At the time when the name was given, His full person had not been seen by mortal eyes, for He lay as yet concealed. But soon He came forth, having been born of Mary by the power of the Holy Spirit. A matchless man, He bears our nature but not our corruption! He was made in the likeness of sinful flesh, but in His flesh there is no sin! This Holy One is the Son of God, and yet He is the Son of man!

The name of Jesus is a name divinely ordered and expounded. According to the text, the angel brought a message from the Lord and said, “You shall call His name Jesus.” It is a name that—like He who bears it—has come down from Heaven. Our Lord has other names of office and relationship, but this is His own personal name.

And it is the Father who has thus named Him.

The name is the highest, brightest and noblest of names. It is the glory of our Lord to be a Savior. To the best that was ever born of woman, God has given the best name that any son of man could bear. Jesus is the most appropriate name that our Lord could receive.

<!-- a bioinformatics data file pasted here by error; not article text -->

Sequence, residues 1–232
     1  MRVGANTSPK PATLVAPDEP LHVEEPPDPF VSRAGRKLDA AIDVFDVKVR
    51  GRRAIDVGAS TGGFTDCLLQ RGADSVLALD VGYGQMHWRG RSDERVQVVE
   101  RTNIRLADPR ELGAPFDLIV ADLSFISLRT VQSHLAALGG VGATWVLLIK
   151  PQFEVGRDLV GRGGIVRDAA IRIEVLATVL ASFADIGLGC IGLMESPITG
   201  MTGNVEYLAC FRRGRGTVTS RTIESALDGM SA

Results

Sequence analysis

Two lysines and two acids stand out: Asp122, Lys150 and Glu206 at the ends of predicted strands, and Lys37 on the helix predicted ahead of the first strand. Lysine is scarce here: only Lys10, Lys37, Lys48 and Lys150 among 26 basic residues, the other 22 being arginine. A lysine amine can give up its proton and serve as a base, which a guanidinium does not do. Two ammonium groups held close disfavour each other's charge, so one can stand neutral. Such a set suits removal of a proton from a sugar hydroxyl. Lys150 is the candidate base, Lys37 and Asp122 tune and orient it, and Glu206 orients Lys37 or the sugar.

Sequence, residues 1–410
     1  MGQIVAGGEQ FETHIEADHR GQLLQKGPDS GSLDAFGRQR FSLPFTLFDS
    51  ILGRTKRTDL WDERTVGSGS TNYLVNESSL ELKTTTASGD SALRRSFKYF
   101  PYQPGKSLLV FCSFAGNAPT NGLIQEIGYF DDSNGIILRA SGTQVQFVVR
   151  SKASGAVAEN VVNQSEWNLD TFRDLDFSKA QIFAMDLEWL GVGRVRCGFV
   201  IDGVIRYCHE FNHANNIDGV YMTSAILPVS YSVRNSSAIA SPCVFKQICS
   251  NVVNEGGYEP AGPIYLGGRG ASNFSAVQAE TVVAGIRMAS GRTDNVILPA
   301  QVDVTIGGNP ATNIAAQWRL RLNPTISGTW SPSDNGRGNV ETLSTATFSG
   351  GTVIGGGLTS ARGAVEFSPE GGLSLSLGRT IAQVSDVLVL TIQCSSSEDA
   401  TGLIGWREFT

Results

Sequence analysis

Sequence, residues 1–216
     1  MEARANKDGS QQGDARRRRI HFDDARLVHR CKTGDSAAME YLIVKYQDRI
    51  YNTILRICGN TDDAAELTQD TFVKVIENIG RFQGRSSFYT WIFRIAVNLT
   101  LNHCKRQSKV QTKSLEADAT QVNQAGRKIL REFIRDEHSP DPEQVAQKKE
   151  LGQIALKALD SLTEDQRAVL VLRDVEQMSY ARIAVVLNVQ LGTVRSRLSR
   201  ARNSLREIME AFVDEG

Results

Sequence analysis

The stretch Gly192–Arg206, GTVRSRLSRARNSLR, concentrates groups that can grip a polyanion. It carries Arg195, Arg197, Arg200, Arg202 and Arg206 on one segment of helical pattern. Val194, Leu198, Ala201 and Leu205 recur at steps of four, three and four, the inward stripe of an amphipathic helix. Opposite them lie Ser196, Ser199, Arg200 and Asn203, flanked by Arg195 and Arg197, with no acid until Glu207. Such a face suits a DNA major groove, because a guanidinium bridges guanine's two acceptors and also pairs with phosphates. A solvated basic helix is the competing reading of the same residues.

The Father knew Him perfectly, and He named Him Jesus. We may be sure, then, that our Lord is, most of all, a Savior, and He is best described by that term. God, the Father, who knows Him best, sees this to be His grand characteristic: that He is a Savior and is therefore best represented by the name Jesus.

Nix Xmas

Nix Xmas

By Pat Knight

It is nearly time to celebrate the holy day of Christmas. Or is it written Xmas? The cross, symbolic of Christ and His resurrection and the first letter of the word Christos or Christ, were expressed with an X in the Greek alphabet. Though some Greek symbols are retained in formal worship services today, the letter X no longer represents Christ Jesus exclusively.